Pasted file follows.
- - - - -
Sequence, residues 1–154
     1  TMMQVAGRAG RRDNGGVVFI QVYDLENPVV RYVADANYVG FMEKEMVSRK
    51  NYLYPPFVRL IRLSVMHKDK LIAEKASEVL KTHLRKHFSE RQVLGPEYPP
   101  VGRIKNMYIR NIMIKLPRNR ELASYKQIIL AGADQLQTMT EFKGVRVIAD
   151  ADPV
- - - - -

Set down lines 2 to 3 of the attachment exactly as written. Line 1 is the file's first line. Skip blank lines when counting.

     1  TMMQVAGRAG RRDNGGVVFI QVYDLENPVV RYVADANYVG FMEKEMVSRK
    51  NYLYPPFVRL IRLSVMHKDK LIAEKASEVL KTHLRKHFSE RQVLGPEYPP